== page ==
The day at Six Flags was lots of fun for the teens, but when I looked around, we seemed to be one chaperone down. Walt had vanished.
"Have you seen Walt?" I asked Tony.
We decided to do a quick tour of the park, but we never came across him. None of the other chaperones from the church had seen him either.
Twenty minutes before our planned departure time from the park, Walt suddenly popped up near the exit. Speechless, Tony and I could only stare at the apparition in front of us.
Walt now stood before us dressed in long black pants, a black see-through net shirt, and a black headband. From his left ear dangled a silver skull earring. His hands were encased in fingerless black gloves. He looked completely inappropriate for a teen church outing, creepy even, and the fact that he had disappeared and exchanged one outfit for another was unnerving.
I lacked the courage at that time to question Walt extensively to get to the bottom of his strange behavior. Instead, I only asked, "Where were you all this time?" He just smiled, swung his backpack up over his shoulder, and ignored the question as two giggling church girls ran up to him, grabbing his arms.
Tony and I gave each other a "What is up with this guy?" look. Then we shook our heads, gathered the kids, and headed to the van. Driving out of the parking lot, I pulled down the sun visor on the passenger side to "check my hair" and glanced at Walt's reflection in the mirror. He sat with his arms crossed, immobile, between Jennifer and David in the backseat, ignoring their discussion of the rides. He had disconnected from the rest of us in the vehicle, his eyes shaded by the dark sunglasses. There was definitely something not quite right about this guy.
Unfortunately, he was now living in my house and he had rights. The law does not permit homeowners to protect their families by evicting renters just because they feel they are a bit peculiar. I couldn't evict someone without cause and Walt had not broken any house rules. I told myself that I was focusing too much on his quirks instead of his attributes. Walt was friendly, often quite chatty, and he wasn't a complainer. We actually had some things in common; we both had studied karate, we both wrote fiction, and we both liked going to the movies. We enjoyed a number of pleasant conversations and Walt was never rude toward anyone in the family. He had not acted inappropriately with the children and they were never alone with him anyway, so this was not an issue. I figured I would just keep an eye on him, and if he sent up any real red flags, we would ask him to move on, giving him the proper notice the law required.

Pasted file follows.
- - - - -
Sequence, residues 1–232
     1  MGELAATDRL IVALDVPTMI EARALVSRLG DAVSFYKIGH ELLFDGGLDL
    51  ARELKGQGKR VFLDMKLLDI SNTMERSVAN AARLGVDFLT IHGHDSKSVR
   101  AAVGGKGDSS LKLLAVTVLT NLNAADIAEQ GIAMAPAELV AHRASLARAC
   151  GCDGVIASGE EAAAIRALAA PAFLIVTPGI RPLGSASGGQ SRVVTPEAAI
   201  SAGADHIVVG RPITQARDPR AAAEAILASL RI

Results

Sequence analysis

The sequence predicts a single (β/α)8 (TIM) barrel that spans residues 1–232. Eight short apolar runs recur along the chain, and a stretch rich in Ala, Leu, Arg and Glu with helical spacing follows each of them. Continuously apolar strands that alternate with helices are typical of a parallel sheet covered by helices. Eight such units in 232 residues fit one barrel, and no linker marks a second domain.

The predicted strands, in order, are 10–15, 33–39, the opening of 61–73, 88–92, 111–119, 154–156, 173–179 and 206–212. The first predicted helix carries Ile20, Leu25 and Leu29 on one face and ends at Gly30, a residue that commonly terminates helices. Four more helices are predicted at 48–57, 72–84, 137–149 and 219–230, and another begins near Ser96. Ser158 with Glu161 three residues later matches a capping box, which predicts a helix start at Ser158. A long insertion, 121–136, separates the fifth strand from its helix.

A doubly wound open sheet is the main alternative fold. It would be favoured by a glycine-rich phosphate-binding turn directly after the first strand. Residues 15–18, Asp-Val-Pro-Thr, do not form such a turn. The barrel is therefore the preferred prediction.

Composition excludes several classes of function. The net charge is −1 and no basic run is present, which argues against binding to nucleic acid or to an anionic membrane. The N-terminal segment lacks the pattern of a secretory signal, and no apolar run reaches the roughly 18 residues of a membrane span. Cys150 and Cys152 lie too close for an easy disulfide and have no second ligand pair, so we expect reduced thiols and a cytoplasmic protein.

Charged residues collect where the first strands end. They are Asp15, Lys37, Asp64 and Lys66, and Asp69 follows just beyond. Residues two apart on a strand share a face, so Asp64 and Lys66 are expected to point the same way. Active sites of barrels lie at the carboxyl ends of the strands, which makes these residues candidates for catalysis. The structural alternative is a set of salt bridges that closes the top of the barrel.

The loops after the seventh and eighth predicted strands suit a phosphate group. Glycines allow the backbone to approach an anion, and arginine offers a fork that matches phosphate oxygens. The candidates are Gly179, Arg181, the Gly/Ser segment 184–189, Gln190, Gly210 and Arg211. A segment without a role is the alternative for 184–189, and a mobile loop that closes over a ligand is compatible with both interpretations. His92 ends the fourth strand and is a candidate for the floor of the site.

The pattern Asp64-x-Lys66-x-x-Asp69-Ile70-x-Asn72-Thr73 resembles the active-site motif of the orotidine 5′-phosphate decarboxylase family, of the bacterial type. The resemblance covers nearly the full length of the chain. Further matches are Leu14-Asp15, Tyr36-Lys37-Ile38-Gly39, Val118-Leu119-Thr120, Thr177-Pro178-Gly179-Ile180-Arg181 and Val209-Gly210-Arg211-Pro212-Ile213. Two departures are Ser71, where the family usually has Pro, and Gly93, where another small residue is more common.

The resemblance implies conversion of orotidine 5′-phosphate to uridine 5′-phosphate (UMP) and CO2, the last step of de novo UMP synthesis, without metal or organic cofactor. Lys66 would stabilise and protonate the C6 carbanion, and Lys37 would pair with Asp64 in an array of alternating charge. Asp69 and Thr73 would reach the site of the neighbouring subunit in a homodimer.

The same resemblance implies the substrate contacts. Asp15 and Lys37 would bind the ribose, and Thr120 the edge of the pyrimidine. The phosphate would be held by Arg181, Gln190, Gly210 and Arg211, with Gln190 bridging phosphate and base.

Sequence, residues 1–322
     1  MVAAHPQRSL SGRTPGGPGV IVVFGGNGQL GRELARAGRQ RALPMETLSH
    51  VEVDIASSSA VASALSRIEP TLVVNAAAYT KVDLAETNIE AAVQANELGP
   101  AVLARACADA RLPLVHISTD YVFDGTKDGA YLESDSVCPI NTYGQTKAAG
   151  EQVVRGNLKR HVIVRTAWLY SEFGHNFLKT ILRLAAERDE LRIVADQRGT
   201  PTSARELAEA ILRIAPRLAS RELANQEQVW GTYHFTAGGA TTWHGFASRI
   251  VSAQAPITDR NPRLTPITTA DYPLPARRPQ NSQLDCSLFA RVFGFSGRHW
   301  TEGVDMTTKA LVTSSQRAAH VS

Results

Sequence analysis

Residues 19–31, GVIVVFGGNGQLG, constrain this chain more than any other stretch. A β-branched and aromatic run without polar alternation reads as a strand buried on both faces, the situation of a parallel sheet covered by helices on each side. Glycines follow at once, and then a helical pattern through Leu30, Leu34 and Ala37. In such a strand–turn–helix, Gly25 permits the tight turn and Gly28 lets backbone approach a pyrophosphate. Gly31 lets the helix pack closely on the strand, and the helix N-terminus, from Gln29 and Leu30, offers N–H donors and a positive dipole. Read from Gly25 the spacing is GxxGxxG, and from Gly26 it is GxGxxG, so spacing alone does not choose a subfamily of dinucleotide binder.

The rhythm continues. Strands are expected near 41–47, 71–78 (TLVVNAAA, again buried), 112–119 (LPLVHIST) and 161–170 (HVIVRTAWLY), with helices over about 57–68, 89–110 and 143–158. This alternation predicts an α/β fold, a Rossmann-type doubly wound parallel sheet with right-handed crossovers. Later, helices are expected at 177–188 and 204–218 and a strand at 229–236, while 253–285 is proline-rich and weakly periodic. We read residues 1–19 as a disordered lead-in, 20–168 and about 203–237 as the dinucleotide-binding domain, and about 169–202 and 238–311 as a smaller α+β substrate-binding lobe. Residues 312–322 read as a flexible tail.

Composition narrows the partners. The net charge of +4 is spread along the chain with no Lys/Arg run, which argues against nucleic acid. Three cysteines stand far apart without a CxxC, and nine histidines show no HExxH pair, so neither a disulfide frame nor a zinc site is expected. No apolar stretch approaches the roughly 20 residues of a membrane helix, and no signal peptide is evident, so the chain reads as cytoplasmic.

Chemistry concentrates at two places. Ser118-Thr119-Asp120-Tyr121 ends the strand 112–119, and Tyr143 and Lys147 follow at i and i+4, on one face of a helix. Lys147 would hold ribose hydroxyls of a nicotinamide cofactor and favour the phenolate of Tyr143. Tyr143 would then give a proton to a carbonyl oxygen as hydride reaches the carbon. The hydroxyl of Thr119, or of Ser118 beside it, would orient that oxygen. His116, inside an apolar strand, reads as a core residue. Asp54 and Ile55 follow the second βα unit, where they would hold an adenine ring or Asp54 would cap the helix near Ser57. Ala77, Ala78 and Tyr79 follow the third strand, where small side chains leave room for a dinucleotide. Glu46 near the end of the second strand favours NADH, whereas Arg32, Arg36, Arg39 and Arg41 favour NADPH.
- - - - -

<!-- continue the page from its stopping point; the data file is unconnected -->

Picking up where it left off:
I DIDN'T MAKE a special project of analyzing Walt's behaviors and thinking patterns; I didn't have to.
Over the two weeks after the church outing, more and more negative aspects of his personality came to light. I would later learn these characteristics were often representative of psychopathic traits. If Walt had kept to himself, I might never have interacted enough with him to have formed any opinion of his character, but because he was a gregarious sort, he liked to talk and did so almost every time he saw me. Worrisome mannerisms and behaviors kept appearing.
Walt liked telling stories about incredible things that had happened to him.
"I actually left the military early," he told me one day as he was getting himself a bowl of Cheerios.